& Reporting Protocol Collaboration, for their review and advice on a previous draft of this report.
+Greenhouse Gas jemissions inventory issues
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The intent of this paper is not to advocate any specific methodology or approach for conducting
GHG emissions inventories, nor to promote any particular policy positions. The review of the experience
to date and issues surrounding GHG emissions inventories, however, suggests several general principles
for developing effective GHG emissions inventory programs:
i. Start by under~standing your emit.S.io"2. Knowing the relative magnitude of emissions
coming from various sources is necessary to understand whether or not they are material contributors to a
firm's total emissions. Understanding the nature and the number of the emissions sources will facilitate
the use of the inventory development guidance that is becoming available.
2. Under>~tandthe likely u,6e-A of the emi.&uionA inventory. Companies conduct GHG
emissions inventories for purposes that range from internal goal-setting to external reporting to obtaining
financial benefits. These different uses of the inventory information imply different levels of completeness,
accuracy, and documentation in the inventory. Each organization will need to reach its own conclusion as
to the cost/benefit balance of developing its inventory, depending upon its set of likely uses.
3. Decide carefully which e-niA_6onA6 to include by e-3abli-Ahing mfeaningful
boundarieA. Questions of which emissions to include in a firm's inventory and which are best accounted
for elsewhere are among the most difficult aspects of establishing GHG emissions inventories. Since the
purpose of conducting an inventory is to track emissions and emissions reductions, companies are encour-
aged to include emissions they are in a position to significantly control and to clearly communicate how
+ they have drawn their boundaries.
4. Maximize flexibility. Since requirements to report or reduce GHG emissions under a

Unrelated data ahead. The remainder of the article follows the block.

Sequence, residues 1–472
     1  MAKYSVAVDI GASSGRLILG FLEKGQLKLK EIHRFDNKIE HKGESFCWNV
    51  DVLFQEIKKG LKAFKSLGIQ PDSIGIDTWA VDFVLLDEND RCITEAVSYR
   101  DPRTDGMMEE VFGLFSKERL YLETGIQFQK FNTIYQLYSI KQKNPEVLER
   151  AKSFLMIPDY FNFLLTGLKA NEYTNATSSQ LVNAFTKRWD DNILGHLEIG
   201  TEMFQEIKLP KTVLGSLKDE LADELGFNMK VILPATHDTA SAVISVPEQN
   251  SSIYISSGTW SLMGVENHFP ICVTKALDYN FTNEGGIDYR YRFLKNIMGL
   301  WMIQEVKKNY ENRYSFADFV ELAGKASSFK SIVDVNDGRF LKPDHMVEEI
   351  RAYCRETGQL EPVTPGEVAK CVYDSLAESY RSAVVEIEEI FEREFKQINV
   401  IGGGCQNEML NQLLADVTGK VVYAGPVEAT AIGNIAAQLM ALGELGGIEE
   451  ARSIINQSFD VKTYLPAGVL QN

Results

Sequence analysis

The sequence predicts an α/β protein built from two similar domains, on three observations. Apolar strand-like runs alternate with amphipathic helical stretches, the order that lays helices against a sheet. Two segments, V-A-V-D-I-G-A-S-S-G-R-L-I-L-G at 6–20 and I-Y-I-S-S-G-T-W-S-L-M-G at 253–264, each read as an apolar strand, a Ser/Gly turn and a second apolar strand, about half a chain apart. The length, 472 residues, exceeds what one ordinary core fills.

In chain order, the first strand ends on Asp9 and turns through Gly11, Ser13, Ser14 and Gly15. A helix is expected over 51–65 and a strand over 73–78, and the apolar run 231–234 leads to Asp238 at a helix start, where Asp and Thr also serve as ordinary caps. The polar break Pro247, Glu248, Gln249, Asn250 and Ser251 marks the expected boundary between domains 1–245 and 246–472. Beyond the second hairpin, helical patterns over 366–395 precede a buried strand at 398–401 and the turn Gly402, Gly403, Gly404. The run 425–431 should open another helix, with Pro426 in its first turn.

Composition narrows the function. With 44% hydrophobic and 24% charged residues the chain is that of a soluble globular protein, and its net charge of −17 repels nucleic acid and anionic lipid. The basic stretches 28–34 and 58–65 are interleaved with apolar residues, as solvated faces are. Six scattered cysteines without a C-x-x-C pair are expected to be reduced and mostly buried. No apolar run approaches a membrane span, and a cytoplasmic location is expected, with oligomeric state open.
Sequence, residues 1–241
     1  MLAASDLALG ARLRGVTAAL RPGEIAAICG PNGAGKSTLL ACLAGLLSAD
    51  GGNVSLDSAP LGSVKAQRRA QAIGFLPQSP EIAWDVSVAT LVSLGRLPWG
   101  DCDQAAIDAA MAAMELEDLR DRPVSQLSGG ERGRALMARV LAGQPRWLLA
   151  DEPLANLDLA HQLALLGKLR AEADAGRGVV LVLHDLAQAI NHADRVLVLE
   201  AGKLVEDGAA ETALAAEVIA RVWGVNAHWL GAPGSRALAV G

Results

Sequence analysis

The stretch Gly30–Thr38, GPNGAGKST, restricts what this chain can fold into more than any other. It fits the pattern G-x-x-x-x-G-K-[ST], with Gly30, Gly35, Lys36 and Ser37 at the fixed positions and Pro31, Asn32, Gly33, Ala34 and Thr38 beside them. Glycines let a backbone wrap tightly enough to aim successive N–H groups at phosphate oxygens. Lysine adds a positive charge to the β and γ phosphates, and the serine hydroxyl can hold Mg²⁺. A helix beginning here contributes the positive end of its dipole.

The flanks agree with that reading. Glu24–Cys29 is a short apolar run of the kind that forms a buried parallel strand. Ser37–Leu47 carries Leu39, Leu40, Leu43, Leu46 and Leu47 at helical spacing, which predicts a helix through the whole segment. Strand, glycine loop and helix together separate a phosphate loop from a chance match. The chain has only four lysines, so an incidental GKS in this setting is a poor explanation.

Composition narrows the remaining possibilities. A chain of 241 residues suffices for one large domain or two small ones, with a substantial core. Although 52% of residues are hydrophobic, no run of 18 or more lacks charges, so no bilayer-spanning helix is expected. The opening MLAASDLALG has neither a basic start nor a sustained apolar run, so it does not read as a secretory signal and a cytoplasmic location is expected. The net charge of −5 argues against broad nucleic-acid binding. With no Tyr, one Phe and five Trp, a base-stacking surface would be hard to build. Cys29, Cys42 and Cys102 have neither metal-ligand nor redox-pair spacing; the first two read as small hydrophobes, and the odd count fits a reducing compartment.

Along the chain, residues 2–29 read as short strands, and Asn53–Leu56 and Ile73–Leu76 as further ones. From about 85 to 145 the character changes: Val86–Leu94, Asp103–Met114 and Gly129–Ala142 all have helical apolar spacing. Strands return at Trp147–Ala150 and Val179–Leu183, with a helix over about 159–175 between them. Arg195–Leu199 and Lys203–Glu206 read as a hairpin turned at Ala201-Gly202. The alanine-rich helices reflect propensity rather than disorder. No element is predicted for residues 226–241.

future climate policy regime are uncertain, companies should prepare for a range of possibilities. By
maximizing the flexibility in their emissions inventories -for example, by being able to track emissions
by organizational unit, location, and type of emission or by expressing emissions in absolute terms or
normalized for production - organizations will be prepared for a wide range of possible future scenarios.
5. trx5ure trartparency. Transparency in reporting how emissions and emissions reductions
are arrived at is critical to achieving credibility with stakeholders. Unless the emissions baseline, estima-
±tion methods, emissions boundaries, and means of reducing emissions are adequately documented and
explained in the inventory, stakeholders will not know how to interpret the results.
6. Encourage innovation. Now is the time to try innovative inventory approaches tailored
to a company's particular circumstances. The range of experience and lessons learned will be invaluable
as voluntary reporting protocols are developed or as possible regulatory requirements are established.
Learning what works best - and doing it before any requirements for reporting are in place - will be
iv as important as learning what does not work.
+ Greenhouse Gas jentissionis invyenty Issues
There iA currently much interest among corporatiorni in undertaking
greenhotu,e 9gaA (GH-G) emikAAiorL inventorie.A. This interest has been accelerated by the
trend toward increasing voluntary reporting of corporate environmental performance, including the emis-
sions of greenhouse gases. Increasingly, companies are concluding that enough is known to begin taking
action now to understand, to manage, and to reduce their GHG emissions, Conducting an emissions